I’ve learned a lot of things in my time here, but when it comes to food, two main things come to mind: 1, it’s everywhere, and 2, it’s not cheap. Every block has a kiosco with all sorts of candy, and bakeries aren’t much less common. Combine that with the prevalence of restaurants and you’ll get what I mean. Unfortunately for those of us on a budget, it’s not exactly cheap either (well, cheaper than the States, yes, but when I’m trying to function on 100 pesos per day, it’s not fun).
But we’re not going to let that stop us from eating everything, are we? No! Of course not!
First order of foodly business: a DIY food tour of Buenos Aires courtesy of the recommendations on Pick Up the Fork. It’s a local restaurant blog with reviews of lots of different places to eat, and she often makes lists of good eats by categories like bakeries, sandwiches, vegetarian, or my personal favorite, cheap food. Since I have a lot of time to myself outside of researching for my articles, I’ve started visiting a few. Monday was DOGG, a hot dog place with all sorts of fun toppings and a great lunch deal (when I went, it was a hot dog with whatever toppings you wanted, fries, and a frozen lemonade for 46 pesos, which is about 5 bucks). Today I wanted some silly food way to celebrate the Fourth of July, but since I already used my hot dog credit this week, I hit 180 Burger Bar, which oddly enough is only a few blocks away from DOGG. Whoever decided to put tzatziki sauce (think that cucumber stuff you put on a gyro) on a burger is brilliant. I’m sure I’ll visit more places in the month I have left.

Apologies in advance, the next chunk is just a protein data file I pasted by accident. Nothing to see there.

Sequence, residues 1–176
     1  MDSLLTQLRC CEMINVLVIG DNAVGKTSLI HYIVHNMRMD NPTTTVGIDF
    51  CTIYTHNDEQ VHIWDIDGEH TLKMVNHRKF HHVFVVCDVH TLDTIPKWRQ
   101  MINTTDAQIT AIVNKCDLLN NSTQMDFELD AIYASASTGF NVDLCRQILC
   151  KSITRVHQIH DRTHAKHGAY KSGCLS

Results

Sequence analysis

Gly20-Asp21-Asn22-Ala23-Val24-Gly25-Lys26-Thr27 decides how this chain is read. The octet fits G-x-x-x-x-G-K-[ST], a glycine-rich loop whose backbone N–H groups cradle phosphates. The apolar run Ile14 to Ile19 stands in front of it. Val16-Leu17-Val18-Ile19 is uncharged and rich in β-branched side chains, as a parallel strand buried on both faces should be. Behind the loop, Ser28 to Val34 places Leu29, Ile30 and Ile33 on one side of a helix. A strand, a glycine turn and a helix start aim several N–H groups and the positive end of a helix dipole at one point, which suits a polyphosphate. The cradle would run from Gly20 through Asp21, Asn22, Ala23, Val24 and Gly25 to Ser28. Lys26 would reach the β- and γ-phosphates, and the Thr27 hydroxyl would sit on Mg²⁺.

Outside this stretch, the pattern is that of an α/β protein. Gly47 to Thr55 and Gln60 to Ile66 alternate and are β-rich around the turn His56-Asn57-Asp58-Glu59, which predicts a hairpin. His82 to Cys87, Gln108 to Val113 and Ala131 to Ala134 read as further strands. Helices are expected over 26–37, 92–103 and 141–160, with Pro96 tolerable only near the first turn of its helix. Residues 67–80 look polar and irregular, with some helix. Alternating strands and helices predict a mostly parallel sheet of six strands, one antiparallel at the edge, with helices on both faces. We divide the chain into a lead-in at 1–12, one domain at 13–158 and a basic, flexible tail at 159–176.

The second order of business was more of an instance of convenient timing than anything because the tenth annual Caminos y Sabores food fair was this weekend. It’s a big gathering of artisan foodmakers (and some crafty people) from around Argentina to showcase their goods. Wines, sweets, some delicious blueberry chocolate spread stuff, olive oil, mate, queso, salami, you name it. It was a bit pricy to get in (60 pesos), but a lot of stands had free samples, so you could sort of nosh your way through the fair. There was a lady there selling “exotic smoked meats” like boar, venison, pheasant, etc, and I ended up buying some because it was yummy and she was nice. (I would’ve bought some blueberry stuff too, but artisan stuff is expensive and I only had 70 pesos left on me.)
And now I just have to find a way to bring back my stupid Kinder eggs without getting taken into custody or something. Yippee.